Black-glazed ware is a type of ancient Greek fine pottery. The modern term describes vessels covered with a shiny black slip.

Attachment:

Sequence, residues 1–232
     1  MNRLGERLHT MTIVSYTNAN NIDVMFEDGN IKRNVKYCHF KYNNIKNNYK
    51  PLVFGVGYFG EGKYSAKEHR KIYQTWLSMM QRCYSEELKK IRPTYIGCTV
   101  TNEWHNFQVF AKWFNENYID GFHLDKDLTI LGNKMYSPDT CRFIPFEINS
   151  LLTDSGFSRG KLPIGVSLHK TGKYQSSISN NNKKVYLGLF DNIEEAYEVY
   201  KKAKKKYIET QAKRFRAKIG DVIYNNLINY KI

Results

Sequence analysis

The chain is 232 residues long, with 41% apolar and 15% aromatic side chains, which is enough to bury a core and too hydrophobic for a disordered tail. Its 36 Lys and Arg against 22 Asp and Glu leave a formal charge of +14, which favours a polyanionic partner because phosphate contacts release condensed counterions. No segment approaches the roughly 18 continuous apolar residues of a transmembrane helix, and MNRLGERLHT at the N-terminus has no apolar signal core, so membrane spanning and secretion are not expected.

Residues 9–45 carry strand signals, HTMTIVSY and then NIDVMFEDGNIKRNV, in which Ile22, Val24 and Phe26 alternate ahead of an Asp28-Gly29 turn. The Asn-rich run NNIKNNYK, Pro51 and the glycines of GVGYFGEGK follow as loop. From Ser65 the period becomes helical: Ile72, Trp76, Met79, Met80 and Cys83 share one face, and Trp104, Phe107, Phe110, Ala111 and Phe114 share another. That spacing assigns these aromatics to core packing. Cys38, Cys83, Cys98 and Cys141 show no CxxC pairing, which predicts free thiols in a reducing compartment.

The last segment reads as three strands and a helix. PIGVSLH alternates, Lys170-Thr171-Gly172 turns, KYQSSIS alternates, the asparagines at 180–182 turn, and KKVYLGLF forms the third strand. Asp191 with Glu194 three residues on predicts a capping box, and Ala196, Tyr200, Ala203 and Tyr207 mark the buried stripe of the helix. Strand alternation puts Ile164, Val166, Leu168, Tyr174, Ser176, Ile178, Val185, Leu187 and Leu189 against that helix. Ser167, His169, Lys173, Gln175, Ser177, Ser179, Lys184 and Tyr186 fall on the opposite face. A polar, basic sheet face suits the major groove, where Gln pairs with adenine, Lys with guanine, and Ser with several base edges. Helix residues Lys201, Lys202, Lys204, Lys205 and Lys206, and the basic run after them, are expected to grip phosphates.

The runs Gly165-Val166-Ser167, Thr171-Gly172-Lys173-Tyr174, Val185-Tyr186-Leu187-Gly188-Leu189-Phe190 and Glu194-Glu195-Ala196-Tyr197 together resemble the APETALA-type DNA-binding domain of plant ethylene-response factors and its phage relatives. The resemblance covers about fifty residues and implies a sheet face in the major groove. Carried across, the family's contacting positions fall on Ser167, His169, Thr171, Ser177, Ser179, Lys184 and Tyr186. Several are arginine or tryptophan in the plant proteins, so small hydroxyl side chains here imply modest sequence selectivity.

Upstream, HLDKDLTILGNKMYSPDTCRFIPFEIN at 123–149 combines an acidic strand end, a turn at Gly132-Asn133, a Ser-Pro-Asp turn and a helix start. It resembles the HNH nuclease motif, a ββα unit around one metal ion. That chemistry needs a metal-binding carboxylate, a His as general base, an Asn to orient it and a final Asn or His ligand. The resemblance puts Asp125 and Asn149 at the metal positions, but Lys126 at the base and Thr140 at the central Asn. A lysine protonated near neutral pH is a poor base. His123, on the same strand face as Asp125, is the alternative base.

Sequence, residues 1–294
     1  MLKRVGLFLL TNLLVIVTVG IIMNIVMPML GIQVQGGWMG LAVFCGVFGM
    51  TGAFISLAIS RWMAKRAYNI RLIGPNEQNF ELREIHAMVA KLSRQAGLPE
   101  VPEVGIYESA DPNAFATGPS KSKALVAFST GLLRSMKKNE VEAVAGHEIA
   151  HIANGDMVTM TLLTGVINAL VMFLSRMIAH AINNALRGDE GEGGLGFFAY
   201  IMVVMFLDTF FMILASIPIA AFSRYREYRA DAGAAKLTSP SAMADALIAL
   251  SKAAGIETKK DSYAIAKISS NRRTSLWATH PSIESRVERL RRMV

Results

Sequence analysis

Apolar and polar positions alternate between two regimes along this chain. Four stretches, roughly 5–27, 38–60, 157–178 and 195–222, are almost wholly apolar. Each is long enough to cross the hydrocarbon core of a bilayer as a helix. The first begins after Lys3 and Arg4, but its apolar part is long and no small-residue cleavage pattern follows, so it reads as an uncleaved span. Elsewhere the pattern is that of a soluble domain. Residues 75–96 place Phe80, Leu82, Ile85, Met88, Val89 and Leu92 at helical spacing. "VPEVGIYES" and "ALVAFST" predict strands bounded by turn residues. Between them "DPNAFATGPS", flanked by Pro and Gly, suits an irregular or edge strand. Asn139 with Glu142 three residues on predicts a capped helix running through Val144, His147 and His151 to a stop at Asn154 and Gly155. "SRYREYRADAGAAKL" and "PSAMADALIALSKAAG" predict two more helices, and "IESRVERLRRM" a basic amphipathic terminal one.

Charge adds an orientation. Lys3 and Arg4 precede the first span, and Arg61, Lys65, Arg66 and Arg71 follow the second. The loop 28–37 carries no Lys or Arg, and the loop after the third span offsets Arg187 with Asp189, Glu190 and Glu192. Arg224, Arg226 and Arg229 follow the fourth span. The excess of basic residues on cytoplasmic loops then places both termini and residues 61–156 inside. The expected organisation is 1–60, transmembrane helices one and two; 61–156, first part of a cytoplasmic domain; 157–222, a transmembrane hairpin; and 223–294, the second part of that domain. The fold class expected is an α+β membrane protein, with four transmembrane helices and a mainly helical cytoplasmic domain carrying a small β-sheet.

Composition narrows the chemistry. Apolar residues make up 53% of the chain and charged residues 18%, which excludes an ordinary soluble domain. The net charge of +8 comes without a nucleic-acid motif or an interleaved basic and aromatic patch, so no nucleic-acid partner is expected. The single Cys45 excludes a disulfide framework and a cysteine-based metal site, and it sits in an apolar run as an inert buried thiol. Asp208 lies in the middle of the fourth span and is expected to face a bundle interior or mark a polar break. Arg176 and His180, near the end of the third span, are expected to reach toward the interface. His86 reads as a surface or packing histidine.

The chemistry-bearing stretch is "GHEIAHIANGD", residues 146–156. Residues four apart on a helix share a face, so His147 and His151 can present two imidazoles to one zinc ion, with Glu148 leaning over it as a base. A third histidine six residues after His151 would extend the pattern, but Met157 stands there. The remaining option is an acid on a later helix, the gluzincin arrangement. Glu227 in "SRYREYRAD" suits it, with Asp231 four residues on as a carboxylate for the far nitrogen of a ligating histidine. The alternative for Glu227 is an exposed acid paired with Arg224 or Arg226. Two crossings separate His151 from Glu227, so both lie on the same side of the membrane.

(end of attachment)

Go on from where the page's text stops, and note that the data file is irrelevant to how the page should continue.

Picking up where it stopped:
Black-glazed pottery was produced especially in the Classical and Hellenistic periods. During the reducing phase of the three-phase firing sintering of the iron-rich "clay paint" led to a shiny black glaze. Such pottery was produced both on the potter's wheel or impressed in pre-shaped matrixes. The glaze, originally in the form of a fine grained clay paint, was added on with a paintbrush on the wheel, or by dipping. In some cases, black-glazed ware was additionally decorated with white, red or gold paint. Plastic decoration, either applied by stamp, or as applied reliefs, also occurred. Within about a hundred years, during the 5th century BC, black-glazed wares replaced the previously popular red-figure pottery from the Mediterranean markets. Since the Hellenistic periods, non-Greek workshops also produced it, usually just serving local or regional markets. In recent years, the importance of the type in modern research has increased considerably, especially in the contexts of culinary habits, regional contacts and trade links.